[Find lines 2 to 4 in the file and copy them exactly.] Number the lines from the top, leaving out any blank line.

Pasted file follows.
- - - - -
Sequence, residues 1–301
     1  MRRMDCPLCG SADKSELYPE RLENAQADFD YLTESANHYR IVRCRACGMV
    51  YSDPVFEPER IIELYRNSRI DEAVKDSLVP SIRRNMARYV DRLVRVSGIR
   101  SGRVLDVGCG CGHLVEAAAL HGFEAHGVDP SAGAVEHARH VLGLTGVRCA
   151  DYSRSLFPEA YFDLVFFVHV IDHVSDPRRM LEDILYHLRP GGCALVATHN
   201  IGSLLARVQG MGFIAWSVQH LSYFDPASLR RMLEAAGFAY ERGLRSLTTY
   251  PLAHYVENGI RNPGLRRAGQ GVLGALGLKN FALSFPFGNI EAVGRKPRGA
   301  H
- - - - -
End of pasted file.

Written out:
     1  MRRMDCPLCG SADKSELYPE RLENAQADFD YLTESANHYR IVRCRACGMV
    51  YSDPVFEPER IIELYRNSRI DEAVKDSLVP SIRRNMARYV DRLVRVSGIR
   101  SGRVLDVGCG CGHLVEAAAL HGFEAHGVDP SAGAVEHARH VLGLTGVRCA